Artem Saveliev

profile for Artemiy at Stack Overflow, Q&A for professional and enthusiast programmers

Setting up networked photo frame with Raspberry Pi

Having set up audio streaming with my RPi that was collecting dust (since my last post :), I ended up with a left-over RPi Zero W. And we finally decided to showcase all family photos, perfect timing! Setting up a networked photo frame has a couple of quirks to it…

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Streaming multicast video to Raspberry Pi (from VLC)

I am starting new home automation project with RPi, and will try to cover some interesting aspects of this development here.

One of the features of my project is many-to-many streaming of video content on LAN. So to do a stress test of RPi i wanted to set up a simple stock (no custom code) environment to prove that it will work.

I am using omxplayer and VLC (on windows) to set this up: read more

Comfortable Visual Studio Code and Raspberry Pi remote debugging

I am starting new home automation project with RPi, and will try to cover some interesting aspects of this development here.

I am using Raspberry, Kivy and Python to draw most parts of the UI. And of course I want to use my workstation to actually develop the code in Visual Studio Code, while using RPi touchscreen to interact with the app.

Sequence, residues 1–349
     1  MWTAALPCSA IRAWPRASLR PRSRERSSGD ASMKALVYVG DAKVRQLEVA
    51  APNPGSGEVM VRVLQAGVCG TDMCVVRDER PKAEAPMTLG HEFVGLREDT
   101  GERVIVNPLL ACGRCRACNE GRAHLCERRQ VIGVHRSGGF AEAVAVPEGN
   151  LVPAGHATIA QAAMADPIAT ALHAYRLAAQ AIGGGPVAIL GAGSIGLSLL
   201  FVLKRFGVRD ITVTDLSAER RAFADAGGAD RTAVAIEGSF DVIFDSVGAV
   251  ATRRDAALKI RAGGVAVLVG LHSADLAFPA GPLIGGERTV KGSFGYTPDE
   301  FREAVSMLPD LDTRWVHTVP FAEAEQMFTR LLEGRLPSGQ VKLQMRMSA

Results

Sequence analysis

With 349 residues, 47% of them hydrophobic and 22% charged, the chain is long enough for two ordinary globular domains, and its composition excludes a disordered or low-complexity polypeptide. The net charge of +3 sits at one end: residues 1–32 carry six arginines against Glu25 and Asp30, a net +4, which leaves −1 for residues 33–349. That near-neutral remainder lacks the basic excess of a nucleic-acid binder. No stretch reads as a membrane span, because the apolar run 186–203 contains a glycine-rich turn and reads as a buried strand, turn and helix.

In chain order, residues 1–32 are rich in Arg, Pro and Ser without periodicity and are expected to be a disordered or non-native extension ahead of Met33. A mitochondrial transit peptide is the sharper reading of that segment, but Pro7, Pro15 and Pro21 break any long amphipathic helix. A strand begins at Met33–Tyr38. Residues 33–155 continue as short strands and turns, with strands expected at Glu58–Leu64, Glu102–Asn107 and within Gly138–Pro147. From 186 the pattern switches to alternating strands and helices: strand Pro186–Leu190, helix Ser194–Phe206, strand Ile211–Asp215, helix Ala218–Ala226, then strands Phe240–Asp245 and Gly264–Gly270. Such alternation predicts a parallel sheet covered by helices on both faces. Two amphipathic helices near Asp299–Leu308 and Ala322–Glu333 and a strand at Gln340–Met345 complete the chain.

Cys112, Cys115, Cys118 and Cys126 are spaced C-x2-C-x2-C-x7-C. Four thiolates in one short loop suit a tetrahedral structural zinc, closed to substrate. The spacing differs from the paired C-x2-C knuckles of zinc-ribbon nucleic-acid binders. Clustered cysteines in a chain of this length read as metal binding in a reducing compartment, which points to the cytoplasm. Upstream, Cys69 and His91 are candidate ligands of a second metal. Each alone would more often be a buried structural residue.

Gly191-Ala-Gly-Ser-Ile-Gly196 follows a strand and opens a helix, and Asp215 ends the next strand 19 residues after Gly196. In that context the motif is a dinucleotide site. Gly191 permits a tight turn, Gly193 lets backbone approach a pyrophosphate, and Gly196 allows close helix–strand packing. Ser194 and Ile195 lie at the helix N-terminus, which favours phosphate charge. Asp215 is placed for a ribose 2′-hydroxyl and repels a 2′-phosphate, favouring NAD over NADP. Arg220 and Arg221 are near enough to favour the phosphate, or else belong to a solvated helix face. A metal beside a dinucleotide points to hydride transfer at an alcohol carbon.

First step is to set up a comfortable dev enviroment - press F5, and code runs to the breakpoint. Sounds easy - RPi has good python environment, python tools for visual studio are available, remote debugging is supported… Not so fast! There are about 2 tutorials on the web on how to set this up, and they won’t really cut it.

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Memsql is lock free, but how?

Had memsql come by and give architecture presentation yesterday so i started reading … complicated, and no detailed explanation of how it works anywhere! Kinda need to know your c/asm… and in the end, you get to things like “lock; cmpxchg16b” (mentioned in blog and here )

It’s a hardware assisted atomic operation (two of them – compare, and swap). Neat. There’s still cache sync overhead in hardware (actually pretty huge relatively speaking), but what can we do… I just wish this was explained better somewhere.

Also, as this article summarizes, “the cache coherence protocols and memory barrier instructions don’t seem to scale very well” – so shared-memory multi-CPU architectures will hit the wall too, and we’ll need new type of memory architecture to support in-memory databases. It will still lock, but better 🙂 In fact, the latest and greatest Intel CPU already got some instructions for this,

JavaScript, wherefore art thou

Standing in the shower this morning I was thinking about the past and the future. How the world changed around me, and how I changed. About happiness and fulfilling life. Then I thought about my browser – hey, it’s the shower – anything goes.

Mosaic 2.0 – Hi Mozilla – 1995

My first exposure to the web happened via my dads work. They have purchased dial-up plan from one of first ISPs in Moscow – Glasnet. I am sure it cost something ridiculous.

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MongoDB free training

I just got my second certificate for the two MongoDB courses I was interested in – Python and DBA.